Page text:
Inside the callback function we just form a string message based on the reason of removal. We want to set this message as another cache item. This needs access to the cache object of the HomeController. That's where the state parameter can be used. Using the state object you can get hold of the HomeController's cache object and Set() a callbackMessage cache item.

The callbackMessage can be accessed from the Show() action like this:

public IActionResult Show()
{
  string timestamp = cache.Get<string>("timestamp");
  ViewData["callbackMessage"] = 
    cache.Get<string>("callbackMessage");
  return View("Show",timestamp);
}

And finally it can be displayed on the Show view:

<h1>TimeStamp : @Model</h1>

<h3>@ViewData["callbackMessage"]</h3>

<h2>@Html.ActionLink("Go back", "Index", "Home")</h2>

To test the callback, run the application and navigate to /Home/Index. Then navigate to /Home/Show and refresh the browser from time to time. At some point the timestamp item will expire due to its AbsoluteExpiration setting. And you will see the callbackMessage like this:

9. You can set priority for a cached item

Just as you can set the expiration policies of a cached item, you can also assign a priority value to a cached item. If server experiences shortage of memory based on this priority the items will be removed to reclaim the memory. To set the priority you use MemoryCacheEntryOptions again. 

MemoryCacheEntryOptions options = 
new MemoryCacheEntryOptions();
options.Priority = CacheItemPriority.Normal;
cache.Set<string>("timestamp", 
DateTime.Now.ToString(), options);

The Priority property of MemoryCacheEntryOptions allows you to set a priority value for an item using CacheItemPriority enumeration. Possible values are Low, Normal, High and NeverRemove.

10. You can set a dependency between multiple cached items

You can also set a dependency between a set of cached items such than when an item is removed all the dependent items are also removed. To see how this works, modify the Index() action as shown below:

public IActionResult Index()
{
    var cts = new CancellationTokenSource();
    cache.Set("cts", cts);

    MemoryCacheEntryOptions options = 
new MemoryCacheEntryOptions();
    options.AddExpirationToken(
new CancellationChangeToken(cts.Token));
    options.RegisterPostEvictionCallback
(MyCallback, this);
    cache.Set<string>("timestamp", 
DateTime.Now.ToString(), options);

    cache.Set<string>("key1", "Hello World!",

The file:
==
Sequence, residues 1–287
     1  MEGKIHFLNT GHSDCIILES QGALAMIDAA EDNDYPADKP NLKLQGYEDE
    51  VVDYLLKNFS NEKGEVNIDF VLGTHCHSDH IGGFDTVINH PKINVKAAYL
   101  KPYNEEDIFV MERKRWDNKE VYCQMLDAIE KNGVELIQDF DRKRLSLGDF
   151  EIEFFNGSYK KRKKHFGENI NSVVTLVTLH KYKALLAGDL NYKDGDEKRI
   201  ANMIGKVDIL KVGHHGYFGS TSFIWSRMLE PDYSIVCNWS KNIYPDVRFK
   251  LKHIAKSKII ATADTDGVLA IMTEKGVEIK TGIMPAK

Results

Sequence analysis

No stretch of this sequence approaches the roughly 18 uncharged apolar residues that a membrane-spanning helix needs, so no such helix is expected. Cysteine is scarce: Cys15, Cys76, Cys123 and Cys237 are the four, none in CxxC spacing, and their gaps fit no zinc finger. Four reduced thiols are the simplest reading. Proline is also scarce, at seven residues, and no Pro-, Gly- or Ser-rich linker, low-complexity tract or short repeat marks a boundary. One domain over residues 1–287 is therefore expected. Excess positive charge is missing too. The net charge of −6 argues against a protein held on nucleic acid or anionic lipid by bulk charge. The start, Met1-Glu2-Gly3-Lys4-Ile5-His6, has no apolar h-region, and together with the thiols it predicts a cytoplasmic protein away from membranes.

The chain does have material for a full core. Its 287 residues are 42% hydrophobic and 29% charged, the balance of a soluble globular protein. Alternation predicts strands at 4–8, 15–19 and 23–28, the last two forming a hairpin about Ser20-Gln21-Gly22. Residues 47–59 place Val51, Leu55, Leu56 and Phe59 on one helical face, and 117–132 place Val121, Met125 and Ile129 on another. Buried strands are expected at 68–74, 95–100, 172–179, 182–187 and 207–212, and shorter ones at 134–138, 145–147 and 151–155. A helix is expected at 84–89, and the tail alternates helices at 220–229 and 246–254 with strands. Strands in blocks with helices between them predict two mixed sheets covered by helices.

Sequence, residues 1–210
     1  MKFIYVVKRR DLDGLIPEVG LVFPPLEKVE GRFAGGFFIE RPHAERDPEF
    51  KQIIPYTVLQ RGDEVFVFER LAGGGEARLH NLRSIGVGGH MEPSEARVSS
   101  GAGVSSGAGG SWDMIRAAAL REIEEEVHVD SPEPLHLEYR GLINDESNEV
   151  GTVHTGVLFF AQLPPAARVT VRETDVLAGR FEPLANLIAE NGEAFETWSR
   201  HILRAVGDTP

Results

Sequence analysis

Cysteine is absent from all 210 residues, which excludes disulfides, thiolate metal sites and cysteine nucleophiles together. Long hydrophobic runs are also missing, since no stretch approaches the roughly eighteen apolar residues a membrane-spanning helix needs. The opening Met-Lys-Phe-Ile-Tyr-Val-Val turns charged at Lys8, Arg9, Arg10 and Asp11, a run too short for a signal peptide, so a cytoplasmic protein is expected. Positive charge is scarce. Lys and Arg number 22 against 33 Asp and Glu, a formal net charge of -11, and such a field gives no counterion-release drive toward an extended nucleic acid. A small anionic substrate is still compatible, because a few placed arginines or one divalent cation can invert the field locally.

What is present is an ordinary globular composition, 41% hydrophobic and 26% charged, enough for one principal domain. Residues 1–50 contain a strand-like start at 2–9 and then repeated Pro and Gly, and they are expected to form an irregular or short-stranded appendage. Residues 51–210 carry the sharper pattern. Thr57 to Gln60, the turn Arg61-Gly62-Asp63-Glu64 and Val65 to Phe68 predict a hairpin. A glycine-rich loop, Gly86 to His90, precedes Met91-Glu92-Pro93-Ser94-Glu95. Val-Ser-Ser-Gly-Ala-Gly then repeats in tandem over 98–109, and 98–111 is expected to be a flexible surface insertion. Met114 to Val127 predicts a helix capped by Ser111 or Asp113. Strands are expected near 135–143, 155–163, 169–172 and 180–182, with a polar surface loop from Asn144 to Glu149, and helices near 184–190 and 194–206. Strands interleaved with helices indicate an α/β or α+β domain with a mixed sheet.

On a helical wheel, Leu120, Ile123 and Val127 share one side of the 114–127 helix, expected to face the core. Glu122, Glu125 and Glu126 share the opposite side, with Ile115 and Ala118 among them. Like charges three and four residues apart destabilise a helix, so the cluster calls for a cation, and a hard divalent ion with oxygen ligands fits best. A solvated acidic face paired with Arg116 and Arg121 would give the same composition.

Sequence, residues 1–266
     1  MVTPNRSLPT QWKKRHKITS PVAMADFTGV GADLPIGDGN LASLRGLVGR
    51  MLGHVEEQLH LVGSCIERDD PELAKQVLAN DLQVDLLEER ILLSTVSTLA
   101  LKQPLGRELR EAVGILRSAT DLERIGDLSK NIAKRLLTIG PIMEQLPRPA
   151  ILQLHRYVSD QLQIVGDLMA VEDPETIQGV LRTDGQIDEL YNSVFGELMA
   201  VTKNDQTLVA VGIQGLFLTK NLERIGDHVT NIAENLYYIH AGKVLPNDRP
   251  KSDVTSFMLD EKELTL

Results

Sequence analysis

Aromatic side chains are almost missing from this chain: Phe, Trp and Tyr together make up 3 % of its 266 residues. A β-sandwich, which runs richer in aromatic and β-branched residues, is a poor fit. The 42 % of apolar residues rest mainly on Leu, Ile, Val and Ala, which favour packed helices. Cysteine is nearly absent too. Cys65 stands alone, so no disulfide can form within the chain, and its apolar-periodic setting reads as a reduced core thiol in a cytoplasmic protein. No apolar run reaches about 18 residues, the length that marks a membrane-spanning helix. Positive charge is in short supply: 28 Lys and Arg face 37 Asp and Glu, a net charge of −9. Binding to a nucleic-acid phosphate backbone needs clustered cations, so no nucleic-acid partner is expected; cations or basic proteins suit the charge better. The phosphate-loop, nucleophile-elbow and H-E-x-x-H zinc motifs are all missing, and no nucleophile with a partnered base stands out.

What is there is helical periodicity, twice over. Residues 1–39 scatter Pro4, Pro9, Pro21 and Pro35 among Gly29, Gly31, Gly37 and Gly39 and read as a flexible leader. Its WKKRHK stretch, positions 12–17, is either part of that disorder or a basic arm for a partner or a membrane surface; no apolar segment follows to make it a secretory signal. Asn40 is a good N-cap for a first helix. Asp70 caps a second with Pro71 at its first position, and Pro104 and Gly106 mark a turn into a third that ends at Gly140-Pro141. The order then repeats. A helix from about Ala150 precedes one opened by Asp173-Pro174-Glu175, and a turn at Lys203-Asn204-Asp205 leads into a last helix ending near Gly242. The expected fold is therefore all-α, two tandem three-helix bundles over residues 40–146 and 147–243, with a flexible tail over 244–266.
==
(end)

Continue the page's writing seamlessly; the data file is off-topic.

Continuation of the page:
new CancellationChangeToken(cts.Token));
    cache.Set<string>("key2", "Hello Universe!", 
new CancellationChangeToken(cts.Token));

    return View();
}

The code begins by creating a CancellationTokenSource object and the object is stored as an independent cached item cts. Then MemoryCacheEntryOptions object is created as before. This time AddExpirationToken() method of MemoryCacheEntryOptions is called to specify an expiration token. We won't go into the details of CancellationChangeToken here. It is suffice to say that an expiration token allows you to expire an item. If the token is active the item stays in the cache but if the token is cancelled the item is removed from the cache. Once the item is removed from the cache MyCallback is called as before. Then the code creates two more items - key1 and key2. While adding these two items the third parameter of Set() passes a CancellationChangeToken based on cts object created earlier.

That means here we have three keys - timestamp is the primary key, key1 and key2 are dependent on timestamp. When timestamp is removed key1 and key2 should also get removed. To remove timestamp you need to cancel its token somewhere in the code. Let's do that in a separate action - Remove().

public IActionResult Remove()
{
    CancellationTokenSource cts = 
cache.Get<CancellationTokenSource>("cts");
    cts.Cancel();
    return RedirectToAction("Show");
}

Here we retrieve the CancellationTokenSource object stored earlier and call its Cancel() method. Doing so will remove timestamp, key1 as well as key2. You can confirm that by retrieving all these three keys in the Show() action.

In order to test this example, run the application and navigate to /Home/Index. Then navigate to /Home/Show and check whether all the three key values are being shown as expected. Then navigate to /Home/Remove. You will be redirected back to /Home/Show. Since Remove() cancelled the token all the keys will be removed and now the Show view will show the reason for expiration (TokenExpired) like this:

That's it for now! Keep coding!!


Bipin Joshi is a software consultant, an author and a yoga mentor having 22+ years of experience in software development. He also conducts online courses in ASP.NET MVC / Core and Design Patterns. He is a published author and has authored or co-authored books for Apress and Wrox press. Having embraced the Yoga way of life he also teaches Meditation and Mindfulness to interested individuals. To know more about him click here.

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Posted On : 02 May 2017


Tags : ASP.NET ASP.NET Core MVC C#